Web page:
Of the seven sacraments instituted by Christ, Confirmation
is probably the one that is least known or appreciated. Thats understandable
because it focuses on the working of the Holy Spirit who is often the
forgotten person of the Trinity. The Sacrament of Confirmation can be described
as the sacrament of spiritual maturity. It enriches the soul of the person with
deep graces (helps and assistance) of the Spirit. Confirmation is the sacrament that calls
recipients to witness courageously the gift of faith by word and, especially,
by the example of their lives. The Vatican IIs Dogmatic Constitution on the Church states that Catholics are more perfectly bound to the Church by the Sacrament
of Confirmation and the Holy Spirit endows them with special strength so that they
are more strictly obliged to spread and defend the faith, both by word and deed,
as true witnesses
of Christ (Par. 11).
This sacrament harkens back to the great Pentecost event
(Acts: 2) when the disciples were huddled in the upper room and the Holy Spirit, whom
Jesus had promised them, came upon them in the form of a mighty wind and tongues of fire.
The disciples gathered there had been commanded by Jesus to take the good news of his
death and resurrection to the ends of the earth. Yet those gathered there, up to that
point, lacked a real understanding of what Jesus life and death fully meant. But at
the Last Supper Jesus assured them that the Holy Spirit would come upon them and
teach them all they needed to know. They would be strengthened to go everywhere proclaiming
Jesus as Lord and Savior. Pentecost was the moment of their confirmation.
The basic effects of Confirmation are: a) It roots us more deeply in
our relationship with God; b) it unites us more firmly with Christ and reminds us that every
sacrament we receive is an encounter with Jesus himself; c) it increases in us the gifts of the
Holy Spirit: wisdom, understanding, counsel, knowledge, piety,
fortitude and fear of the Lord; d) it strengthens our bond to the Church;
e) finally, it gives us strength to spread and defend
the faith by word and deed.
If you consider what strengths we need simply to live our Christian, Catholic
lives in our present society and to make moral decisions in the face of serious temptation, it is
easy to see how we need wisdom and strength. For example, a married couple raising children need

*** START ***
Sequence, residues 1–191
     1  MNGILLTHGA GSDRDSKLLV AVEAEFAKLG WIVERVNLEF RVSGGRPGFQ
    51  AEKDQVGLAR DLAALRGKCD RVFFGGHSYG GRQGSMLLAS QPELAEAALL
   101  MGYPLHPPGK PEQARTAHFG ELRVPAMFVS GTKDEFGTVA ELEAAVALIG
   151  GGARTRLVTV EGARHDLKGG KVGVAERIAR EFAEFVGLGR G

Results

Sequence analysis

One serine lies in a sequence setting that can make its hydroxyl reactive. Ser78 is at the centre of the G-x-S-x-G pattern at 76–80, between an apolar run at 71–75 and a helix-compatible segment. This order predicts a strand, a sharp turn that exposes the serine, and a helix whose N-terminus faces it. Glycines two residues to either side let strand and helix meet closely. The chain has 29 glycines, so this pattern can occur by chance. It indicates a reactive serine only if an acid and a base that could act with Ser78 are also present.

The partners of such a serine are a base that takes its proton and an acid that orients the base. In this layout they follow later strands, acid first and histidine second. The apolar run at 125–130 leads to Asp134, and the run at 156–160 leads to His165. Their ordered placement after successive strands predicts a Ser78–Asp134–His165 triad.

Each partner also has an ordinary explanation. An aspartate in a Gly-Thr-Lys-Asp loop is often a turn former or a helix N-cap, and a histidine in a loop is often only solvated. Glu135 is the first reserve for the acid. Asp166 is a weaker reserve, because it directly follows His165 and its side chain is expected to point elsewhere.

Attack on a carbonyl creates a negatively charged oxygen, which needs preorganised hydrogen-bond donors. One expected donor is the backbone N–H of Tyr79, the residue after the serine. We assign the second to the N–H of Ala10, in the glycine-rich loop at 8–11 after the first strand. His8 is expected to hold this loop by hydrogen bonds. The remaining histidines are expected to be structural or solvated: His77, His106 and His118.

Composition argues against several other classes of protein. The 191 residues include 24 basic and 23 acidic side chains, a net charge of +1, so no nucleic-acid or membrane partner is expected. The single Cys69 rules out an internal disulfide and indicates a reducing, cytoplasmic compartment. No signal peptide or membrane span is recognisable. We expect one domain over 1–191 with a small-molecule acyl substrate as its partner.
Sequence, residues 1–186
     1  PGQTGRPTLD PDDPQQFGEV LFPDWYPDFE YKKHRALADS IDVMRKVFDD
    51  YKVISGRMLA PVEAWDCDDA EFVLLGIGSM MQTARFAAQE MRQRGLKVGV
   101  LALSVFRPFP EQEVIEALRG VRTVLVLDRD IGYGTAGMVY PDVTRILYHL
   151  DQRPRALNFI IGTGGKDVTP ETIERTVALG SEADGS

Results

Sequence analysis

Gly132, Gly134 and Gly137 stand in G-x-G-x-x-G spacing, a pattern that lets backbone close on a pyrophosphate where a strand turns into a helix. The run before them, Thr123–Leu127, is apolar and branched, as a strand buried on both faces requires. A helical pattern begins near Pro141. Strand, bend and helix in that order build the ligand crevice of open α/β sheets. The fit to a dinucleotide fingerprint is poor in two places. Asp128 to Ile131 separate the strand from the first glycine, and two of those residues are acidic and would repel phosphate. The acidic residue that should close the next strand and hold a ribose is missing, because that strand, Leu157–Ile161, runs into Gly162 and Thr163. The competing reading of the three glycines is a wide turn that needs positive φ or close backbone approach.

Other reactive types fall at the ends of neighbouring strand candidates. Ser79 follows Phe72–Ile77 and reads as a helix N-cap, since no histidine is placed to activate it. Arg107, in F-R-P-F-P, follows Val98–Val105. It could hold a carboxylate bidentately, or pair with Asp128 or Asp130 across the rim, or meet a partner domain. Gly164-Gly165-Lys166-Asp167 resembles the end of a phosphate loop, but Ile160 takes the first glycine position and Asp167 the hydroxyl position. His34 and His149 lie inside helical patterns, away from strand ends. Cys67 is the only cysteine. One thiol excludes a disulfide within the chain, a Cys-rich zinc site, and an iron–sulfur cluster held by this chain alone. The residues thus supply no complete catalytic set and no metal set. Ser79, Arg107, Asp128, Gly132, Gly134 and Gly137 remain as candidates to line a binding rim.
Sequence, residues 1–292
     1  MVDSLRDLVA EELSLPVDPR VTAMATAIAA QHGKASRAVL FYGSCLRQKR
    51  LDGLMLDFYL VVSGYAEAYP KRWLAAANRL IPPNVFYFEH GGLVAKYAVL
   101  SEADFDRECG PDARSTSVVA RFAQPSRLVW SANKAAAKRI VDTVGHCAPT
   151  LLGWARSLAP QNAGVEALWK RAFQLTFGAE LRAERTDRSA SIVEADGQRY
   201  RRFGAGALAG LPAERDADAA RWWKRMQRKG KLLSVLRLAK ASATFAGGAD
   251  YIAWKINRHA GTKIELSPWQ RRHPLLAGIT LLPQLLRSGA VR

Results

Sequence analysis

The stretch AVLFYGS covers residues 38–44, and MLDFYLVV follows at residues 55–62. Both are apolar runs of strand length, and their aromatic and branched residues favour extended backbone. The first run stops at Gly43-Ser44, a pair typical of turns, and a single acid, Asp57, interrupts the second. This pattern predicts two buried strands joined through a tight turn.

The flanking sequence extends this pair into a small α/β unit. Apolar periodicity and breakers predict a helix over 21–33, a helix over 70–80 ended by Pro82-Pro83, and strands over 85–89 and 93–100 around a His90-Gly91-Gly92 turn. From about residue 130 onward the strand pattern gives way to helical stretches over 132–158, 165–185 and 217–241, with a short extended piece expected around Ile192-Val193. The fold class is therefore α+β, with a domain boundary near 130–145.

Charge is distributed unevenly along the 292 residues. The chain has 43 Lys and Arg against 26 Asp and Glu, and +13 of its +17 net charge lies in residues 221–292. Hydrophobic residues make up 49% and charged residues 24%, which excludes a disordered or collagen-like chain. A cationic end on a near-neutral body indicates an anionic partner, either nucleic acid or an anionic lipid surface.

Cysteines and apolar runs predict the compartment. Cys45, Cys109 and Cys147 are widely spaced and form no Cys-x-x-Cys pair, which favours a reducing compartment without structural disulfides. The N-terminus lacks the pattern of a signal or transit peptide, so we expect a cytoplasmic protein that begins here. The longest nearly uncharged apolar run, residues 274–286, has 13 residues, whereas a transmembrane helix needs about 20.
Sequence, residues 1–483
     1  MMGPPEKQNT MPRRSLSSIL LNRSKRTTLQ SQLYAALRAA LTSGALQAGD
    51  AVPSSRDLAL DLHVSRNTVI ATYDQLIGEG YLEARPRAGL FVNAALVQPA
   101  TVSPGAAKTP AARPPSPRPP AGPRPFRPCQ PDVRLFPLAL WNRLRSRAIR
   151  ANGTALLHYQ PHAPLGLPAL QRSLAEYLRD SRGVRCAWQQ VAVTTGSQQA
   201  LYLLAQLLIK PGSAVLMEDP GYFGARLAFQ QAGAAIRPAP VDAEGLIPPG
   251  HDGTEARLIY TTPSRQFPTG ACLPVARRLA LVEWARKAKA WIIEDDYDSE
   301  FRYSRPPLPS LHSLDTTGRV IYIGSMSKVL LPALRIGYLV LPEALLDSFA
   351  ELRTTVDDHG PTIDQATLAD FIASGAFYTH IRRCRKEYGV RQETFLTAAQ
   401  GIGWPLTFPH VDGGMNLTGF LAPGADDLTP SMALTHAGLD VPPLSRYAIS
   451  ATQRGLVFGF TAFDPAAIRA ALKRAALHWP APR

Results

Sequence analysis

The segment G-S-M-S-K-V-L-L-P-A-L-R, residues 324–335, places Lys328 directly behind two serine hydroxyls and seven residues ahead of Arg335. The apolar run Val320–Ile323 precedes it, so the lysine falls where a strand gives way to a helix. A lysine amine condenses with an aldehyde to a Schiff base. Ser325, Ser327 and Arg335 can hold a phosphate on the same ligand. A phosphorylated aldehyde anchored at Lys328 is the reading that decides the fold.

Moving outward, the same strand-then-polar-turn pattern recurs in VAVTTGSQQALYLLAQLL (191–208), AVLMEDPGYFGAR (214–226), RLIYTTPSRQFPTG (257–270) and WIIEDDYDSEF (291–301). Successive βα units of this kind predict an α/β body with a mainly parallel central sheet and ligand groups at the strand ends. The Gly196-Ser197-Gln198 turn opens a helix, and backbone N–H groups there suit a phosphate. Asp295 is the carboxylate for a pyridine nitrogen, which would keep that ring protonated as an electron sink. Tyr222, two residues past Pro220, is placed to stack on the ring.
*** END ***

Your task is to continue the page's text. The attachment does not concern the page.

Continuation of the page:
to be able to counsel and encourage them to live their lives not by following the way of least
resistance, but by taking the basic gospel message (Love God and your neighbor) and
making it a part of their lives. No matter what our vocation, married, religious, priesthood
or single, we need the strength of the Spirit in our lives.
The Sacrament of Confirmation is conferred by the bishop and is usually
given in the early teen years when youngsters are mature enough to realize that they face
serious religious and moral issues in their lives. Those received into the Church at the
Easter Vigil (through Baptism or the Profession of Faith) are confirmed as part of their entrance rite into the Church.
Adults who have never received the sacrament for one reason or another should contact their pastor
to see when the sacrament can be received in a ceremony with other unconfirmed adults in their diocese.
However, the Sacrament of Confirmation is not a prerequisite to being married in the Church.
The oil used in the sacrament symbolizes strength given to profess
one’s faith in difficulty. The laying on of hands by the bishop is the symbol of the coming of the
Holy Spirit upon the person. Few, if any, of us may live in circumstances that demand we lay down
our lives for our beliefs. Yet there is seldom a day when we are not faced with difficult
choices that test the authenticity of our faith.
respond to Friar Jacks musings on Heralds of the King
Dear Friar Jack: Thank you for sharing St. Francis
thoughts on the Incarnation and all of nature. Sometimes environmental concerns
get written off as the worries of those crazy greenies. But
I just wonder how much healthier the planetand we!would be if we shared St. Francis
understanding. Thank you again, and Happy Adventing. Pat
Dear Friar Jack: For each of usin our own wayis called
to announce the arrival of Christs saving presence in our own world, you wrote
in your last column Heralds
of the King. How true! How challenging! My Christian vocation is a call to receive
God's free gift of grace, the gift of his self-emptying love for me. It will be most wicked
of me not to help others to receive that gift, too. To share in the mission of John the
Baptist, i.e., to announce the arrival of the King, is therefore my privilege and duty!
A blessed Advent, Friar Jack! Henry (Nairobi, Kenya)
Dear Henry: Letters like yours remind me of the global
reach of Internet efforts like Friar Jacks E-spirations. Its
wonderful to see that the spirit of St. Francis and the message of
Christ are embraced with joy in far off nations such as Kenya in Africa.
Thanks for your own hope-filled words! Friar Jack
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